Asset Allocation of Mutual Fund Investors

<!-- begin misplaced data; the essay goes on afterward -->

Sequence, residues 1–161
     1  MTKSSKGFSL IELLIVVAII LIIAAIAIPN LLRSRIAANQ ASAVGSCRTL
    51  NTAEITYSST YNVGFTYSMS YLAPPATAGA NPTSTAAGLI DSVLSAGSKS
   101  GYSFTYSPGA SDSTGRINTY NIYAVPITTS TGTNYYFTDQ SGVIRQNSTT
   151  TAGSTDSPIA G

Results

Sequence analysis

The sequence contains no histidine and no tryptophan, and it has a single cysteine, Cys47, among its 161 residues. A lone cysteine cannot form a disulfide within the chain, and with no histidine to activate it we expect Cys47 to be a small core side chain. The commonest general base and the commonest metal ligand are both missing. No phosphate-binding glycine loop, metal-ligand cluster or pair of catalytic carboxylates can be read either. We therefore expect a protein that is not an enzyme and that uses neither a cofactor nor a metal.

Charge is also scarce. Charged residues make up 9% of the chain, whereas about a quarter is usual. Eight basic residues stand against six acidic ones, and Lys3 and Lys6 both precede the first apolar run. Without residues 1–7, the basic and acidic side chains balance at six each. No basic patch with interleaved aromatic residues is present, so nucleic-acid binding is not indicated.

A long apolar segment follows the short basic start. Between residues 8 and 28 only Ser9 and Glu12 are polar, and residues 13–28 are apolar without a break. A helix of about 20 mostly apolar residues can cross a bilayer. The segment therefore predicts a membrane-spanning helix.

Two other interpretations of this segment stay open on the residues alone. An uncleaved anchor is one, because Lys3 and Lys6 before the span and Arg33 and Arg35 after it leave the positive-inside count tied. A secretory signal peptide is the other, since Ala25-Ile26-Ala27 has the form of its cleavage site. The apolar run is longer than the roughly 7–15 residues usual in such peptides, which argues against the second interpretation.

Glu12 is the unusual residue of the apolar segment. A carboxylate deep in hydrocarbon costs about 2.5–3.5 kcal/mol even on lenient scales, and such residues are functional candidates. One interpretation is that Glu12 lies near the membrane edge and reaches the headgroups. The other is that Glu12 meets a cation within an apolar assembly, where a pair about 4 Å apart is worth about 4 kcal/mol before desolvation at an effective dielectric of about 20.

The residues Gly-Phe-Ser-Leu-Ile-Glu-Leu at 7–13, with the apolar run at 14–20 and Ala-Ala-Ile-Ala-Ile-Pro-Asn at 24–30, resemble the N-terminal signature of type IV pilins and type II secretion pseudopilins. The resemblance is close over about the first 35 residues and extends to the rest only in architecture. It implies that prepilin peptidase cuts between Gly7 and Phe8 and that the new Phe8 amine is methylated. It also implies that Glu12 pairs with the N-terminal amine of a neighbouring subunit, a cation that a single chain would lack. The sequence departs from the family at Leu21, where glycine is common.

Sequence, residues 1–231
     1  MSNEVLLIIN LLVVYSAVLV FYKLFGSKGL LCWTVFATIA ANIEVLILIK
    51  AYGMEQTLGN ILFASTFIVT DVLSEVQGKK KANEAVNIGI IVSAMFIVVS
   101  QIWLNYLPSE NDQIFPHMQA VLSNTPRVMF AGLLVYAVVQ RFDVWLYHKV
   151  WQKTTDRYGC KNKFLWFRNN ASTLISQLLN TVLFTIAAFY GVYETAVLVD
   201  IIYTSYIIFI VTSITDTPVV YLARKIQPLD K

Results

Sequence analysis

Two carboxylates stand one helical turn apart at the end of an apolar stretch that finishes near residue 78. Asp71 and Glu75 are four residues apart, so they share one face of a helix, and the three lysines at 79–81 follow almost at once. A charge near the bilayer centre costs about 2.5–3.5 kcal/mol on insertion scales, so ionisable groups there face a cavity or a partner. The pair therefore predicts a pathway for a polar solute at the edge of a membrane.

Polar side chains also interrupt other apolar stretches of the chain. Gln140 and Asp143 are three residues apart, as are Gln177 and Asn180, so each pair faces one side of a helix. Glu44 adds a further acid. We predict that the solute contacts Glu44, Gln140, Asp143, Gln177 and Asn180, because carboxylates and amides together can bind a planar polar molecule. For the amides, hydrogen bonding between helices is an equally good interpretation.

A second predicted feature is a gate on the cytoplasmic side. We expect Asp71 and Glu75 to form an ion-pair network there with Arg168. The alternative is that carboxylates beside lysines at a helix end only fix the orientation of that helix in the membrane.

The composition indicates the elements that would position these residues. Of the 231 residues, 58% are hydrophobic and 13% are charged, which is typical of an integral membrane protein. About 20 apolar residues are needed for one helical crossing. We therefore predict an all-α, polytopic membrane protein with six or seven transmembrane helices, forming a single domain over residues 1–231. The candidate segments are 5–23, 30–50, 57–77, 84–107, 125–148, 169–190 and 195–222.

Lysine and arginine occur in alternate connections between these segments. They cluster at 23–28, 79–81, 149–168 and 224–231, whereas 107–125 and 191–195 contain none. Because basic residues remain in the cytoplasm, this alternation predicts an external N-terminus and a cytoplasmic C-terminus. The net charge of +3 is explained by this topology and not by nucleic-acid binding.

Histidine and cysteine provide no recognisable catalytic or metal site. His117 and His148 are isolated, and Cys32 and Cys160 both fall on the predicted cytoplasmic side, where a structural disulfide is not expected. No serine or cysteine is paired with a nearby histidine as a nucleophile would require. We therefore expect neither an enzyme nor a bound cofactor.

This paper studies mutual fund investors' asset allocation decisions using monthly flow data of U.S mutual fund industry from 1984 to 1998. We find that mutual fund investors change their asset allocations between stocks and bonds in reaction to business conditions tracked by changes in expected stock market returns. They tend to allocate less into stock funds during the trough of a business cycle when expected stock market returns are higher and to allocate more into stock funds during the peak of a business cycle when expected returns are lower. We also find that variables that capture the changes of real macroeconomic activities have strong impact on mutual fund investors' asset allocations between stocks and bonds. During expansions of the economy, they tend to invest more into stock funds than into bond funds. During recessions of the economy, they tend to invest less into stock funds. Mutual fund investors' economic trend chasing behavior and their negative reaction to changes in the future expected stock market returns provide some evidence that they are irrational and could play a destabilizing role in the financial markets.
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